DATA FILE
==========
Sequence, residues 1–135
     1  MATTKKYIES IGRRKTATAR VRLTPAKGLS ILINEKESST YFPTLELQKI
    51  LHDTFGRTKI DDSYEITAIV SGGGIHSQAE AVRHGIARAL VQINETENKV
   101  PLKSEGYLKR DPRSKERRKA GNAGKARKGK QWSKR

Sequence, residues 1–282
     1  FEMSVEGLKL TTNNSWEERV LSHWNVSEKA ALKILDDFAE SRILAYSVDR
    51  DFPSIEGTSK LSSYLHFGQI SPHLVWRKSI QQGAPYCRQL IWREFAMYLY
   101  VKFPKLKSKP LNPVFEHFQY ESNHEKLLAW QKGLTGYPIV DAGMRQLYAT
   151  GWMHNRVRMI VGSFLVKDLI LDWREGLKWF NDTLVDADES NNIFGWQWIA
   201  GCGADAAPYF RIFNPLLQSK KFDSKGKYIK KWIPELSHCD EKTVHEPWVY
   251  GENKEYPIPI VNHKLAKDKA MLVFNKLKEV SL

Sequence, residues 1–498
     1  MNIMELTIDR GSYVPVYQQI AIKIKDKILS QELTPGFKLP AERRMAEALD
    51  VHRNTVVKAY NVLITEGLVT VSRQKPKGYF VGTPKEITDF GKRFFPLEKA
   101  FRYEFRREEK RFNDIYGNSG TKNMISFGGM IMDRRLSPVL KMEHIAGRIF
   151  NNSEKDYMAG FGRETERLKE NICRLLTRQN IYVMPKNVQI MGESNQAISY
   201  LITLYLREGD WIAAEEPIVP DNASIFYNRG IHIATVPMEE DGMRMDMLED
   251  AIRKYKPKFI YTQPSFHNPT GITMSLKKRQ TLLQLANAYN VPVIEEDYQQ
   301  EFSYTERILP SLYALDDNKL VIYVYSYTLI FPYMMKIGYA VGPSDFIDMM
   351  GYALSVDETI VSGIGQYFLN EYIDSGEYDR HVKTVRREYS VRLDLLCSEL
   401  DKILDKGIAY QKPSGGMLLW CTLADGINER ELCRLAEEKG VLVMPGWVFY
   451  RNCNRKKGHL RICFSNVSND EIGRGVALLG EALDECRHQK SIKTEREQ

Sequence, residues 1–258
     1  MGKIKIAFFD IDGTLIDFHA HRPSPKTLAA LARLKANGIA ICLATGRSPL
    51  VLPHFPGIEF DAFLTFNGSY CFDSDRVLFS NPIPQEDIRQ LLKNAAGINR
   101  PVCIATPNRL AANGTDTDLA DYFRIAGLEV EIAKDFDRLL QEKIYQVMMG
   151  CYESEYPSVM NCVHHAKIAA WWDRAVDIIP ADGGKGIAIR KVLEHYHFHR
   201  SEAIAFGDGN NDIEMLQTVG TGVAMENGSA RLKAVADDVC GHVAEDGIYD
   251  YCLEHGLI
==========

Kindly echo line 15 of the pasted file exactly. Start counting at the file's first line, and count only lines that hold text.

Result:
   101  FRYEFRREEK RFNDIYGNSG TKNMISFGGM IMDRRLSPVL KMEHIAGRIF